Now Brian's APD/afternoons on WKSZ (95.9 De Pere), part of the Woodward Communications family of stations (owned by the company that also owns the Dubuque Telegraph-Herald, for those in search of a meaning to all of this.) And while he's taken a few days off to accompany us on parts of the trip, this rainy evening finds us at the Woodward studios off East College Avenue on the east side of Appleton, getting the grand tour.
Woodward operates six stations out of this facility, including market flagships WHBY (1150 Kimberly, news-talk) and WAPL (105.7 Appleton, classic rock), sports WSCO (1570 Appleton), modern rock "Razor" WZOR (94.7 Mishicot), soft AC WECB (104.3 Seymour) and WKSZ, which was then doing hot AC as "Mix" but later flipped to top 40 as "Kiss." (A little oddity here: even though the building's very much in Appleton, the FMs are all Green Bay-market signals, except for WAPL. We'll see next week how WAPL and WKSZ manage to serve both markets from a shared tower site.)
The FM studios are all clustered together in one part of the building, with interesting striped wallpaper that clearly dates the building to 1978, when it was built to replace the original WHBY facility (more about that in a moment); the two AMs are in another part of the building, and there's a well-equipped rack room tying everything together.
After dinner at the Davis home, watching the lightning crash outside as the storm rages (tornadoes spawned from the storm caused serious damage in other parts of the state that night), we call it a night - but Friday morning finds us back at Woodward, bright and early, to get some exterior shots with the sun out and to meet chief engineer Steve Brown, our tour guide for our next adventure, a visit to WHBY's transmitter sites.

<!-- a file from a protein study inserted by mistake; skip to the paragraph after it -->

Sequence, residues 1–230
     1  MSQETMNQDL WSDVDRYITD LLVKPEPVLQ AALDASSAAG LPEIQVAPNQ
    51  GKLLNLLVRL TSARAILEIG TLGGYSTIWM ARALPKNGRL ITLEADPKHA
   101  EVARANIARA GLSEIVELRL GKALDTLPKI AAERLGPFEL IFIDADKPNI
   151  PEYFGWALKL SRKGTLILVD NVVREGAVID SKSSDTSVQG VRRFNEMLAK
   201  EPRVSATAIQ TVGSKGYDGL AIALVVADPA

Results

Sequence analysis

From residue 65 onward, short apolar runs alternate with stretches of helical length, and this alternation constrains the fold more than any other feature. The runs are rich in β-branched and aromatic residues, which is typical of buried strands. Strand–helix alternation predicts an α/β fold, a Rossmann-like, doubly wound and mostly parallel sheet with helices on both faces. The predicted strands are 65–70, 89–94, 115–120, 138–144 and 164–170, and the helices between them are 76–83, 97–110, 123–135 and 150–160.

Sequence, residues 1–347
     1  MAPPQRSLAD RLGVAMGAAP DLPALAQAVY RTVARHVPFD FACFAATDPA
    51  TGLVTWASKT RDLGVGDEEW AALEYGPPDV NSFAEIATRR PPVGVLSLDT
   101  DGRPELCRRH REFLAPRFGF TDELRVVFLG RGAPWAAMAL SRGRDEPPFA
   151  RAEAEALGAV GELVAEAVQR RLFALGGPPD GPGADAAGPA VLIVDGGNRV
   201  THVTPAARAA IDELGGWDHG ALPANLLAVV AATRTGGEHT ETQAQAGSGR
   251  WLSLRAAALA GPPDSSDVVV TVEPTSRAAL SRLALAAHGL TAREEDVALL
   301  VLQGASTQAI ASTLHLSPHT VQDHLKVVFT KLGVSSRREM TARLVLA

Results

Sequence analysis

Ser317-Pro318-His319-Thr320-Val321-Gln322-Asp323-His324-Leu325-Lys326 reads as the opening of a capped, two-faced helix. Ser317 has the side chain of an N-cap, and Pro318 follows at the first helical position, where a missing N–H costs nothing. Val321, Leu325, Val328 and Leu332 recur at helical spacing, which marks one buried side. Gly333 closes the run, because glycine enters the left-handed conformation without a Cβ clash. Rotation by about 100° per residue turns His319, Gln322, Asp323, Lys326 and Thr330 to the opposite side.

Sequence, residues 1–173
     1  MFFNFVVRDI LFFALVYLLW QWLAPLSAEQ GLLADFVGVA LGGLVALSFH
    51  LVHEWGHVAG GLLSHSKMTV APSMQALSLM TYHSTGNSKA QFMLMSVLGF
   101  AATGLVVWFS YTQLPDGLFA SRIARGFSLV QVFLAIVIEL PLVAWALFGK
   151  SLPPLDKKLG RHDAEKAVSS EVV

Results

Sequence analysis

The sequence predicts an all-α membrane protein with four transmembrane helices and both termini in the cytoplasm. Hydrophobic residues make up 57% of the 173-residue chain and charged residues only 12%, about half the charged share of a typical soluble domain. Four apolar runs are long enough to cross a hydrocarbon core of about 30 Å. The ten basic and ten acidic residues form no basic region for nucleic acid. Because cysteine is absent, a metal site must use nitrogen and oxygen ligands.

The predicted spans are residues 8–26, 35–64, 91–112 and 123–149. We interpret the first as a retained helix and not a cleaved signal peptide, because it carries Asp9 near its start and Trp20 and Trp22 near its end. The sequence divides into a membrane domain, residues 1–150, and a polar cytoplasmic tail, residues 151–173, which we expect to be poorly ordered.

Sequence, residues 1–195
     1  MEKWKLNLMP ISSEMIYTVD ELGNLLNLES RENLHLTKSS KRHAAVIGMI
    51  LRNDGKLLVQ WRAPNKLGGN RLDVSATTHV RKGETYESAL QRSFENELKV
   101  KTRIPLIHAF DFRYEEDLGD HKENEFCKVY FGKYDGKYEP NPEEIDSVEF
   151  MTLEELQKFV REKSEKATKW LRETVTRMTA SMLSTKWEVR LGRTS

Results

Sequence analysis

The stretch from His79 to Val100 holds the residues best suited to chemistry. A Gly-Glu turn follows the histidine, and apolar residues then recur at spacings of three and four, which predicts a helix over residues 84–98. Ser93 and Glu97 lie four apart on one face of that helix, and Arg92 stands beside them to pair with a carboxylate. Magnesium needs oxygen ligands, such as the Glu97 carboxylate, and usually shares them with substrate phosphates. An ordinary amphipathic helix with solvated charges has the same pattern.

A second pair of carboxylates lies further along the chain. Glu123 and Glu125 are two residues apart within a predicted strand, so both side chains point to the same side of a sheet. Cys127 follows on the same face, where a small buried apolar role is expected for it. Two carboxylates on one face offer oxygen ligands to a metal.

(A few more quick notes about this facility: the STL tower out back is also home to WLFM 91.1 Appleton, the Lawrence University-owned affiliate of Wisconsin Public Radio. Not long after our visit, WLFM was sold to Starboard Catholic Radio, which changed the calls to WOVM and now has plans to move the antenna to the towers of WJOK 1050 Kaukauna, Starboard's nearby AM facility.)
WHBY has a fascinating history, well told on the station's own history page. It began its life in 1925 in De Pere, near Green Bay, about 20 miles north of Appleton, owned by St. Norbert College. In the thirties, the Norbertine fathers put WBAY radio (and later WBAY-TV) on the air in Green Bay and moved WHBY south to Appleton, where it settled down on 1230 for many years.
What's now Woodward bought WHBY in 1975. To get beyond the limited signal on 1230, WHBY bought out WYNE (1150 Kimberly) in 1991, moving the WHBY calls down the dial to 1150, which had 5 kilowatts fulltime. The 1 kW signal at 1230 went silent, and has never returned.
The plant south of Appleton, just off US 41 in Neenah, that WHBY inherited on 1150 was fairly new, having been built in 1980 when WYNE went fulltime. (It had gone on the air in 1970 as a daytimer.) The old cart automation shown in the photo above didn't come from WYNE, or from WHBY 1230 - one of Steve's hobbies is restoring old automation equipment, and he's always on the hunt for more. (This Steve Brown, we should note, is no relation to the Steve Brown we met earlier on the Big Trip, in Minneapolis.)
Just south of here, across Highway G, is the relatively new site for WVBO (103.9 Winneconne), just in case you were still wondering where that went after it left the WOSH tower.
But even this site didn't give WHBY quite as much juice as it wanted over the spread-out population centers of the region, and so in 2004 WHBY applied to build a new six-tower site on US 45, a few miles west of its current site. From there, a power increase to 20 kW days and 25 kW nights would push a stronger signal north over Green Bay. When we visited the new site with Steve, the towers were up, the phasor was being dialed in (that's what those Post-It notes were for), and the 3DX25 had been on the air for testing. Not long afterward, the new site went on the air full-time, and we're eager to get back up there to see it in full swing.
And after running back down to Fond du Lac to find that missing studio, followed by lunch in Oshkosh, the rest of this Friday found us heading north again, into Green Bay. We'll show you that part of the trip next week!